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Unit Lake 2015




The 2013 Lakes Basin pack trip allowed me to visit all the lakes in the Lakes Basin, plus the high elevation Razz Lake, with the exception of the rarely visited Unit Lake.  My goal this July 2nd trip was to find and visit Unit Lake for the first time. The trouble with Unit Lake is that the trail to it hasn't been maintained in very many years and like Razz requires bushwacking to find.  However, Razz sees a fair amount of foot traffic heading pretty much straight uphill, and being on a steep hill there isn't a lot of deadfall obstacles that can't be navigated as they tend to fall generally downhill.  In contrast, Unit Lake sits at lower elevation and the path to it generally follows a heavily forested draw that has filled with abundant boxed-in deadfall.  Navigating this maze is difficult for a person, let alone a four-legged creature.  It takes considerable time to pick a way through all the obstacles, with many dead ends along the way. Impassible to horses, this destination requires a very capable llama.  RRR Rowdy accompanied me on this trip, as he had on the Lakes Basin loop.

Instead of starting at the Two Pan trailhead, this excursion began at the West Fork Wallowa trailhead. (See the 2013 Lakes Basin page for a map.)  Thursday, going into a holiday weekend, I expected crowds to be higher than typical and getting progressively worse.  There is no camping at this trailhead but it does have a grassy park and picnic area with toilets.  One notable feature of this trailhead is a horse outfitter operation.  This became quickly apparent at the trails are pretty much paved in horse manure, both fresh and "seasoned".  Consequently, the trails are lined with non-native plant species and pesky flies are extremely abundant, including biting horseflies.  Mosquitoes are also present.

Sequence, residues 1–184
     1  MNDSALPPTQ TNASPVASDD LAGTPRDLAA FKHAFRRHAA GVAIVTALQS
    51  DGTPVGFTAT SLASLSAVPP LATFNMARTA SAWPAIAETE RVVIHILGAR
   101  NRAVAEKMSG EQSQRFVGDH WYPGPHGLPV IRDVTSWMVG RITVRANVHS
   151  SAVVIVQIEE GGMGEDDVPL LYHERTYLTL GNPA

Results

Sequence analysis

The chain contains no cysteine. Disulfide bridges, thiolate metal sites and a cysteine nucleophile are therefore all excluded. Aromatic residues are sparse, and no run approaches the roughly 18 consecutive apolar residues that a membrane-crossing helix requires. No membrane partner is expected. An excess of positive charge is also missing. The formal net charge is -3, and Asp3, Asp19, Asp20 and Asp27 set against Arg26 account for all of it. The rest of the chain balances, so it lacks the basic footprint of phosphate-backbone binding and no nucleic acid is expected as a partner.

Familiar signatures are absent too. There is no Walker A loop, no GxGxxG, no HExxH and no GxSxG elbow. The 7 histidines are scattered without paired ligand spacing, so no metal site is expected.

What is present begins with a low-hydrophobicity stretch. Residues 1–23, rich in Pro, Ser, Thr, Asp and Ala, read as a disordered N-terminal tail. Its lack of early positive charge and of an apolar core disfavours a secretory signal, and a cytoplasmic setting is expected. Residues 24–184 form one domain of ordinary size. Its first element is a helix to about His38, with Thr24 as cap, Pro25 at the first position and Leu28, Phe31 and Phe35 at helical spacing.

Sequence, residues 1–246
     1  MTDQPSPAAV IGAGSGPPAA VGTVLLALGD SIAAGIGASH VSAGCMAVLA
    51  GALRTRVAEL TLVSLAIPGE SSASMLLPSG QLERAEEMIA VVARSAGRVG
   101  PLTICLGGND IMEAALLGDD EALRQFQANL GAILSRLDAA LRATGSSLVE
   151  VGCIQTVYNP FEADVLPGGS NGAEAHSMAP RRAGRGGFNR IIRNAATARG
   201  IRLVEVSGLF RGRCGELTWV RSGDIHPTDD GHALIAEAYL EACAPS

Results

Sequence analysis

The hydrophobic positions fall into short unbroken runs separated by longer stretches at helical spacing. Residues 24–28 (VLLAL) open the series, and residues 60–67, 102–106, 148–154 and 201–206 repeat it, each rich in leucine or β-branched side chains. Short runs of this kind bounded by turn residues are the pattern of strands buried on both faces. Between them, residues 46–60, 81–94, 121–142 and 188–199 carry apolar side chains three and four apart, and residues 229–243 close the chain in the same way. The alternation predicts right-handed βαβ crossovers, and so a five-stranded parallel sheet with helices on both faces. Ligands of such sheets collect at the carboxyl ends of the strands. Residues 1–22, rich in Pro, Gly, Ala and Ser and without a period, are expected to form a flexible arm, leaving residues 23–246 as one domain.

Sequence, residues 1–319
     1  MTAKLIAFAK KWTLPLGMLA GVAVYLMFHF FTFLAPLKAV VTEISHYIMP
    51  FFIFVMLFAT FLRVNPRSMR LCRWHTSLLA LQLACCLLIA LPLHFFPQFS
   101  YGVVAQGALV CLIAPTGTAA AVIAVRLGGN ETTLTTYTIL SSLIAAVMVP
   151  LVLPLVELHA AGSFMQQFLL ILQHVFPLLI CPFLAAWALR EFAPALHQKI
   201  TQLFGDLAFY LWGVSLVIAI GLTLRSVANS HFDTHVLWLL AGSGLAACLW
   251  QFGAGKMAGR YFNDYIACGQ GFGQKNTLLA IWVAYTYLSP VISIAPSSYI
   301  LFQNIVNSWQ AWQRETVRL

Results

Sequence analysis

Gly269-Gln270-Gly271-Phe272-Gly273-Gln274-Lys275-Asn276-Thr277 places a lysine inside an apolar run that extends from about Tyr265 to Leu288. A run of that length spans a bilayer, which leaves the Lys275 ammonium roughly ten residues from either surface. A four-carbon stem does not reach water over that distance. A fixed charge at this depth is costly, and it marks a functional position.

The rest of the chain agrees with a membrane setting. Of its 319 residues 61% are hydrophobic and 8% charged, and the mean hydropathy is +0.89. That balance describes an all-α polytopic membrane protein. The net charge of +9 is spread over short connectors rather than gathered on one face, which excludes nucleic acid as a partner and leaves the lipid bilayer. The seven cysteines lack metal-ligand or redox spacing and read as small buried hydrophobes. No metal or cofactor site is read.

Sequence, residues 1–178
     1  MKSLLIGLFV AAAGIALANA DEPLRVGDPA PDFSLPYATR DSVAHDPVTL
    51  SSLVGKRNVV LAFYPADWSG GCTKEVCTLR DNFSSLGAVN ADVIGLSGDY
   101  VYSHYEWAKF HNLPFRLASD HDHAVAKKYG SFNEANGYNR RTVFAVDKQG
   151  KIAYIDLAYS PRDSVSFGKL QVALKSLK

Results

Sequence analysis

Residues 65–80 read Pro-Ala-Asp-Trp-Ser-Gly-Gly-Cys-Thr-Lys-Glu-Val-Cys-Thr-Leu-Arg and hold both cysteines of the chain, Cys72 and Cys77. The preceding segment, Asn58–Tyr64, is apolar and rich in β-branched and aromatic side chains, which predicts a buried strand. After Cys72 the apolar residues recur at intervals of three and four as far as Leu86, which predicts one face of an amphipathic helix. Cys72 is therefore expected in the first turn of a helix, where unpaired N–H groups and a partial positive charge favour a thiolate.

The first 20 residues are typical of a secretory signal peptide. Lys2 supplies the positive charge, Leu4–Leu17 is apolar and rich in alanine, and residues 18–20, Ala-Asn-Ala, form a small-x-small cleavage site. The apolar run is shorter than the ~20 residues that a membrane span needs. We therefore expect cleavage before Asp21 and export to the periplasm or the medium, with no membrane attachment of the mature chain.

The trail is otherwise quite easy to navigate, generally a very gradual climb to six mile meadow, which is actually 6.9 trail miles per the GPS.  The route is forested and mostly shady, which was welcome due to the 90+F temperatures.  The connecting trail to the Lakes Basin climbs west out of the valley after two crossings of the Wallowa River.  Water was upper-thigh deep and flowing pretty strongly.  Rowdy got his underside wet, as did the panniers, but he actually likes the water and this was a welcome cool-down.  I had been splashing his underside at every shallow stream crossing along the way to help keep him cool in the high temperatures.

Some horse groups were on their way out as we went in but few other people were seen until arriving at Horseshoe Lake.  The outfitters had hauled in a large group and one other other smaller group was camped.  I found a grassy area where Rowdy could rest for a while.  Rowdy doesn't need to be staked out as he stays pretty much put wherever we stop, just exploring the immediate vicinity.

The east portion of Horseshoe Lake, looking south

Friday saw more people, including a boy scout group, enter the area.  One group included a person from Belize and another from Germany, the latter his first time to America.  You never know who you might meet out on the trail.  Most were quite infatuated with Rowdy.

RRR Rowdy at work, and at rest

The distance to Unit Lake from Horseshoe is not very far, about a half mile as the crow flies, but getting there involved lots of up and down the rather steep slopes picking our way over, under and through countless obstacles, until it finally came into view.

Unit Lake, looking south

At this point we still weren't there.  We had to pick our way around more deadfall and circle up and around a rocky bluff and found a route down to the lake.

Unit Lake shoreline

There is a nice enough campsite near the lake, with grass nearby.

We packed out the next day, Saturday.  I didn't want to get a late start out because I hadn't recorded the track in on the GPS and so the outbound route was strictly from memory.  As complex as the route was Rowdy and I managed to retrace our path in reverse.  There were lots of people hiking in and out that day but we missed most of them, and the trailhead parking was packed when we arrived, but the day was otherwise uneventful.  In all, the hike was 23 miles.

Wide view of Unit Lake

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Last modified: 07 May 2015